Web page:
Cautions For Snowmobiling Active Logging Roads…
Want to know how to go snowmobiling active logging roads on your snowmobile tour or snowmobile vacation? An active logging road is a scary place to be riding your snowmobile. So here’s some advice to survive snowmobiling active logging roads.
Normally, logging companies plough the surface down to the dirt. Then any hard packed snow is treated with sand or gravel so the logging trucks have good traction. Often, these are pieces of wood or small rocks scattered about. There are few if any trail signs. On either side, the snow banks are typically high and steep where the snow has been piled by consecutive ploughings. No escape for a snowmobile there…
Scary enough? How about fully loaded logging trucks high-tailing it to the mill with drivers who correctly think they have complete right of way. And who mostly couldn’t stop in time if they suddenly encountered an unexpected snow machine. It’s not a place most snowmobilers want to be.
Snowmobiling Active Logging Roads
From 2011 to 2016, the Ontario Ministry of Transportation (MTO) 2016 annual report shows an average of 20 fatalities and 300 injured per year for snowmobile and ATV drivers on off-highway roads. Off-highway road locations may be maintained less frequently, have fewer safety features, and be less accessible for emergency vehicles than provincial or municipal roadways.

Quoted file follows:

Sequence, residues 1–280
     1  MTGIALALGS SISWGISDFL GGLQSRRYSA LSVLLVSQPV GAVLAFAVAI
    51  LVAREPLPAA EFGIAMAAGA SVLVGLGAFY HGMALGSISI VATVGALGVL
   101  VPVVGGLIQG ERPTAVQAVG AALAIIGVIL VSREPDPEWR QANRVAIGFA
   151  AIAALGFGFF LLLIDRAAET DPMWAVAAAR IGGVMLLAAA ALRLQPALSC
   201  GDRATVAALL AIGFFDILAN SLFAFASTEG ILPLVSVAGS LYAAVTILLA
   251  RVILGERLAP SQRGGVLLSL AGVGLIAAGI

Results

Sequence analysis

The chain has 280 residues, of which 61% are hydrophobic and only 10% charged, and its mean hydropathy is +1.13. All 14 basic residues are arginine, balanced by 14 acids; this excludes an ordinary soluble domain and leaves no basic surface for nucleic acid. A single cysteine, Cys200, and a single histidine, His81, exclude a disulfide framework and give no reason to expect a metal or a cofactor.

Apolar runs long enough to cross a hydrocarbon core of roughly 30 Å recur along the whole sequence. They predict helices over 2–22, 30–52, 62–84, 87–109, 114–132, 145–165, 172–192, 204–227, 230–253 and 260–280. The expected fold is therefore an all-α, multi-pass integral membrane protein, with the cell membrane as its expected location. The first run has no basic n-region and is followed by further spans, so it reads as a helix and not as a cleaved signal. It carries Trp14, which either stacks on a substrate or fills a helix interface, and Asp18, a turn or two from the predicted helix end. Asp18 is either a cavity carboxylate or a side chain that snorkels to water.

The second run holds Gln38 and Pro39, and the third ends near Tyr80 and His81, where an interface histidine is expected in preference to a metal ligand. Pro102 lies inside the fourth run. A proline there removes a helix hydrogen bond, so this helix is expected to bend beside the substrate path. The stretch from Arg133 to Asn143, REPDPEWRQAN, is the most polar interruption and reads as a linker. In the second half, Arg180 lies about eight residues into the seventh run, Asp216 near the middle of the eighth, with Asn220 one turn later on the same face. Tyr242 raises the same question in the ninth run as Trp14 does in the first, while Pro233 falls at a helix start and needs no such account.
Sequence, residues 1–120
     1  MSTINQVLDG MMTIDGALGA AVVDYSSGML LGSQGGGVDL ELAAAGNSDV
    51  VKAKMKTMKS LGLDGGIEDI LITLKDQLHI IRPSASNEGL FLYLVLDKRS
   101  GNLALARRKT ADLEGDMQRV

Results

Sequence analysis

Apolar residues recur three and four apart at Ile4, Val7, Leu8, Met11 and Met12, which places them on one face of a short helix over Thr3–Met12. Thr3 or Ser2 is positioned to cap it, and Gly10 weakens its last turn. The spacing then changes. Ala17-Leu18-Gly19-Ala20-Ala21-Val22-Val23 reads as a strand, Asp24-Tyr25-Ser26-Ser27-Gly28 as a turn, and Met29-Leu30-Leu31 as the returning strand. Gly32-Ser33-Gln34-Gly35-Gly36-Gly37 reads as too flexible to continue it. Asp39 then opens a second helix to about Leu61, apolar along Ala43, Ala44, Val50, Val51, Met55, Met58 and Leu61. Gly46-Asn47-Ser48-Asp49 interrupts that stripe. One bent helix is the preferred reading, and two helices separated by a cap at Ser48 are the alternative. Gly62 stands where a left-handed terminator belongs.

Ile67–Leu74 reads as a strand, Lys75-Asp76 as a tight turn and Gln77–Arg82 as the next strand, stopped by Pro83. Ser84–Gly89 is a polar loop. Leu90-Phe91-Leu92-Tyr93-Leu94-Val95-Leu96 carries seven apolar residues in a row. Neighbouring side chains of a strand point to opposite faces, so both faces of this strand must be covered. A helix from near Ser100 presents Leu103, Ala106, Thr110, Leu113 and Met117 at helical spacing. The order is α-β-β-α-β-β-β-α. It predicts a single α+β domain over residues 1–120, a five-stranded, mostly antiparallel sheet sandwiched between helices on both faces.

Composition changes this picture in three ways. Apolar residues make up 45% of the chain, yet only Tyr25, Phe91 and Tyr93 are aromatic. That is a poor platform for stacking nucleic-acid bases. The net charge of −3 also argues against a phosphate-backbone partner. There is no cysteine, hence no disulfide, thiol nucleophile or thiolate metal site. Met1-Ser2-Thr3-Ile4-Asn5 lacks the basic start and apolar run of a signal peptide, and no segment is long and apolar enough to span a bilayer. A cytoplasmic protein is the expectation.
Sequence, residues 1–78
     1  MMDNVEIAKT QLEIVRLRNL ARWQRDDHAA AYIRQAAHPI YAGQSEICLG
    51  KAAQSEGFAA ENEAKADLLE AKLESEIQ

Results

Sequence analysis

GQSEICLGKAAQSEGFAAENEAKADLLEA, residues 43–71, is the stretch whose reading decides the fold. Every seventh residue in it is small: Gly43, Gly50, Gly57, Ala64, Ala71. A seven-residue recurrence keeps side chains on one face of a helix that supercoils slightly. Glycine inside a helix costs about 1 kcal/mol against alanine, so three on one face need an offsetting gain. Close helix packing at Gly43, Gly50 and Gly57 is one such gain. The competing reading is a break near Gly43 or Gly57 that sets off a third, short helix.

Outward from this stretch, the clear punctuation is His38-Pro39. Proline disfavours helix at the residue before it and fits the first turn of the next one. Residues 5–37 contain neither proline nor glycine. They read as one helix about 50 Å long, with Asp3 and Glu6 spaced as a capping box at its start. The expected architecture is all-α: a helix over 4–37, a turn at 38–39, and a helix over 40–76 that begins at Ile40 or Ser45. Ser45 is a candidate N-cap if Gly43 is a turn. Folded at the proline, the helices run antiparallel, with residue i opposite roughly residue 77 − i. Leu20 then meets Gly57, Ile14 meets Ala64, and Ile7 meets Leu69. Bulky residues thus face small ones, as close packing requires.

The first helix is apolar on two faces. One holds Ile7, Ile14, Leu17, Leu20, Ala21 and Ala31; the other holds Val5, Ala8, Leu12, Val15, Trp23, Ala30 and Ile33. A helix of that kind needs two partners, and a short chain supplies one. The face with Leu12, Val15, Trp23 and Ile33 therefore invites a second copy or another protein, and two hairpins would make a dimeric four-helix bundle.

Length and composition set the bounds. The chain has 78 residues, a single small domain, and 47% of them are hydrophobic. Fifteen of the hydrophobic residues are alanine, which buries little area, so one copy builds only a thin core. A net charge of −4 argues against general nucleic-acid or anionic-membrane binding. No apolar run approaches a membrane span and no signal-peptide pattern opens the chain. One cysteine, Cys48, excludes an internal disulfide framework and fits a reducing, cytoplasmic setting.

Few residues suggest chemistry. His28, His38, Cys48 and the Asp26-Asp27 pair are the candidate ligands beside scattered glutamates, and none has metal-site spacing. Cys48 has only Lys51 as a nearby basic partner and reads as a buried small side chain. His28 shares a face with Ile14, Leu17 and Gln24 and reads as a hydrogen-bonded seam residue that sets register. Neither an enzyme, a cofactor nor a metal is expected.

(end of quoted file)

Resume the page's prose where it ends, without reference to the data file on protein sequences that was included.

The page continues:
According to Workplace Safety North, “Unlike city or highway roads, forest access roads are built to a lower standard and less maintained.They’re unpaved and narrow, the corners aren’t banked. They can be steep and rough, with tight curves and sudden obstacles like a fallen tree or a washout. Along the road, there’s often no signage or speed limit, and there’s lots of different types of vehicles on the road. These roads can also be remote. Your cell phone might not get reception out in the bush, so communication can be difficult if you don’t have a two-way radio.”
Snowmobiling Active Logging Roads with No Warning
If you do any amount of touring, chances are that you will ride an active logging road sooner or later. Normally what happens is that you plan your route and your destination. On the way, you discover a logging operation underway on the trail ahead. Often, once you’ve started there will be no other trail to get where you need to go. Usually, there is little warning about a logging operation ahead. Nothing on your trail map. No warning at the hotel. No indication from other riders or from anyone else.
Suddenly, after riding many kilometres, maybe past the point of no return time and fuel-wise, you spot a sign that says “Caution. Logging Ahead.” It’s located right at the place where the groomed trail disappears. It is ploughed to the earth for as far as you can see. Maybe there’s a sign indicating which way to go and how far you’ll have to travel on bare ground. Maybe there’s even a detour, likely poorly marked. But it’s just as likely that you’ll be deposited on that active logging road to fend for yourself. If so, here’s what to do.
Snowmobiling Active Logging Roads Best Advice
Make sure your entire group is together. Agree on which direction to go. Slow the pace down so that you have good control and ample opportunity to implement unexpected avoidance measures. Spread out, leaving lots of room between sleds. This way, if a logging truck suddenly appears, everyone has as much time as possible to react and get out of the way.